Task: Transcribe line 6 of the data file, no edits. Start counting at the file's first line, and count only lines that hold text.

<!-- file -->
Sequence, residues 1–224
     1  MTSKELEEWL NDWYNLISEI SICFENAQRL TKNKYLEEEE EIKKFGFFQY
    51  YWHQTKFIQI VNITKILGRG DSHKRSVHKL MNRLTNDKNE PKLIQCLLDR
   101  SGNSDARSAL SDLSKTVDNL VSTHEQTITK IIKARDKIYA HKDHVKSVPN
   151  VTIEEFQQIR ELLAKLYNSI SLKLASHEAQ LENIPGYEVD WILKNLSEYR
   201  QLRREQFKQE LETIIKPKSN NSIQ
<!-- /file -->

   201  QLRREQFKQE LETIIKPKSN NSIQ